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Are the Best Leaders Born or Made?

There’s an Interview over at Biz Book Talk with Author Bob Prosen who wrote Kiss Theory Goodbye As a trained engineer Prosen uses problem solving skills to break facts down into manageable chunks. His recent book Kiss Theory Goodbye offers tools in bite sizes for leaders who tend to make excuses rather than lead well.

The following highlights came from Jake Cook’s interview with Bob Prosen – over at Biz Book Talk:



1. The classic Nature vs. Nurture question…are leaders born or made?
I think leaders are born to lead. It’s just something in their DNA that propels them to do it. But a great leader possesses two unique skills:
First,  they are fantastic listeners
Second,  they make the decision with the mindset that the buck stops here. People are looking to leaders to make a decisive decision and hold people accountable. Too many leaders make the mistake of not holding people to what needs to be done. Accountability really is a positive thing.


2. What are the similarities, if any, between great sales reps and great leaders?
They both have solid listening skills and a very positive attitude. In addition, they never give up and get past mistakes. They are constantly looking forward and have little time for mulling over the past. However, it’s very rare for a sales rep to rise to a CEO position within an organization.


3. In the book, you mention the importance of an organization running lean. How do you know when you’ve reached that point in a big corporation?
I like the idea of running lean because it forces people to distill what’s important day to day. When people don’t have time to waste they tend to accomplish the truly important aspects of their job first. Usually, you can tell you’ve hit this point when people start to squeak a bit. When there are too many people the important things don’t get done and there is no buzzing about feeling the pinch of time.


4. With very little to differentiate upon regarding price or place, is customer service the last frontier?
The bar has been raised and clients expect a high-level of service from everybody. But it doesn’t have to be complex. The definition of service is very simple: “doing what you say you’re going to do, with no surprises.” Clients absolutely hate surprises. Do everything you can to avoid that. In addition, customers may only give you one shot and if you fail to deliver on that basic definition, they will more than likely be gone.


5. If customer service is so important, why is there such a discourse in compensation between a sales rep and customer service rep? Should the model be flipped on its head?
No. I say offer anybody in customer service to go on a commission based salary and see if they’re up for taking that risk.
However, at the managerial level in customer service, companies are tying compensation back to customer satisfaction but it’s not trickling down to front lines just yet. Customer service people should receive bonuses on things like upsells or resolving problems on the first call, no question. And there should most definitely be a quality improvement plan in place and tracking of all complaints to drive them down. These can all be tied to providing an incentive based program for customer service reps.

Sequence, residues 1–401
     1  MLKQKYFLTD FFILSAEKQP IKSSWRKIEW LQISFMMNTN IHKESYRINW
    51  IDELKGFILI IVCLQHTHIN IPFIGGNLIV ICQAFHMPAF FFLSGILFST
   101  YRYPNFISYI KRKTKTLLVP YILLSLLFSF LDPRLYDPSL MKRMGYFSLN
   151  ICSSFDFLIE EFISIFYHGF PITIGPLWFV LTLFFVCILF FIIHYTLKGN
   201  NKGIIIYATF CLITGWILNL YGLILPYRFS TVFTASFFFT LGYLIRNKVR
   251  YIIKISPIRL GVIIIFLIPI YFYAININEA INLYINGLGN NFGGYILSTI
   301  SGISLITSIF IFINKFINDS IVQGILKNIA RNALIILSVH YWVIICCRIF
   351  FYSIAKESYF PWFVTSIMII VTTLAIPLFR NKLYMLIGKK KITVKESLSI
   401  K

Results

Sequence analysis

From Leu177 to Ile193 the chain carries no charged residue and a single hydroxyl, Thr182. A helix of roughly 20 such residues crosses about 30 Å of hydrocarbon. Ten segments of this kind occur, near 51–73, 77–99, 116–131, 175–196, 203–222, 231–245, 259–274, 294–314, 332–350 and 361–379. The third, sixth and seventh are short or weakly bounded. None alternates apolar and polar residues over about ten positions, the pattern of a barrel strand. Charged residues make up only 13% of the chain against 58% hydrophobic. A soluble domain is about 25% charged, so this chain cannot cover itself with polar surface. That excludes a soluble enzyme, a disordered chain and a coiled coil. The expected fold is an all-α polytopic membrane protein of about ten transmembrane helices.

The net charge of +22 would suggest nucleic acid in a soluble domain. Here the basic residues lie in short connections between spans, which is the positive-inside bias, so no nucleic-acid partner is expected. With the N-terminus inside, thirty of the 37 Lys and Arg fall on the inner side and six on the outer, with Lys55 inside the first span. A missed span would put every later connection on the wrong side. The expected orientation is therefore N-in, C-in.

Do you agree with Bob Prossen’s take on leadership? I’d be interested to hear your notion of Bob Prosen’s views in light of brain research, for instance,  that states:

What we do daily develops how well we’ll achieve skills for leadership. For instance, the brain rewires each night while we sleep, and builds new neuron pathways based on what we did or developed the previous day. How does that research impact the author’s opening comments about DNA here?

If the research has it right,  the human brain is capable of learning new skills to lead well, even at a very senior age. Has that been your experience?

Is Bob suggesting that he and others he admires came with these skills already rooted in their gene pools and that others cannot attain similar leadership acumen? Should we really kiss brain based theory goodbye, especially when it defines how we succeed as leaders when we develop skills daily? What do you say?

2 Comments/Trackbacks

Ellen - I enjoy your take on leadership and challenge you posed. It amazes me that with all the information available on leadership, the topic still attracts tremendous attention. In fact, of the five courses I teach, leadership remains the most requested. I once heard someone say that some people are born leaders, some become leaders and others have leadership thrust upon them. One is for certain, we all like to work for great leaders!I look forward to reading what you have yet to write.

Hi Ellen,

As I read Kiss Theory Good Bye, I read it from a management perspective and not from a leadership perspective. I like the questions you pose from the highlights you selected from the BizTalk interview.

I just posted an interview with Bob Prosen that you might be interested in: An Interview with Bob Prosen, Author of “Kiss Theory Good Bye” at http://smartlemming.com/blog/index.php/2007/05/an-interview-with-bob-prosen-author-of-kiss-theory-good-bye/

Lori Grant

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